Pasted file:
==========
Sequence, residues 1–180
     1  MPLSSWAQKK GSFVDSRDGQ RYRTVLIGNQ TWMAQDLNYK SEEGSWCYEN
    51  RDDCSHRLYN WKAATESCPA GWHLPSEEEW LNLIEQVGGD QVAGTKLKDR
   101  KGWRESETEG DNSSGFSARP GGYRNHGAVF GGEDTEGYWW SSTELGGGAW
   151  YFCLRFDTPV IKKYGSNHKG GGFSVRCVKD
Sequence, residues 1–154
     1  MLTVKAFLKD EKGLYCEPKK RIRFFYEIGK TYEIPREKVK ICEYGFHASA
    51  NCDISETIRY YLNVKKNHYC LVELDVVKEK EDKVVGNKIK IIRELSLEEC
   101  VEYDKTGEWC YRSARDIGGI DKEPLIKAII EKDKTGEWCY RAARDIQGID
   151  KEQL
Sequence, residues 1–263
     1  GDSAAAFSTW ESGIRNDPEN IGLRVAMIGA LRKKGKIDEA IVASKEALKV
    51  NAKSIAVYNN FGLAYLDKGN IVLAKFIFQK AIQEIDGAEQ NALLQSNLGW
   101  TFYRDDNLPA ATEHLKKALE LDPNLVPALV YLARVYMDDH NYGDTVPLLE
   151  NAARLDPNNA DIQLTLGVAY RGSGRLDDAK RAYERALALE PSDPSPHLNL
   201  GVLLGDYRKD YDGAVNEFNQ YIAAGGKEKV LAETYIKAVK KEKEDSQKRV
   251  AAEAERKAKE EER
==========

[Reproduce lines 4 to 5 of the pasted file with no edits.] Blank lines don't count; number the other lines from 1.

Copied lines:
   101  KGWRESETEG DNSSGFSARP GGYRNHGAVF GGEDTEGYWW SSTELGGGAW
   151  YFCLRFDTPV IKKYGSNHKG GGFSVRCVKD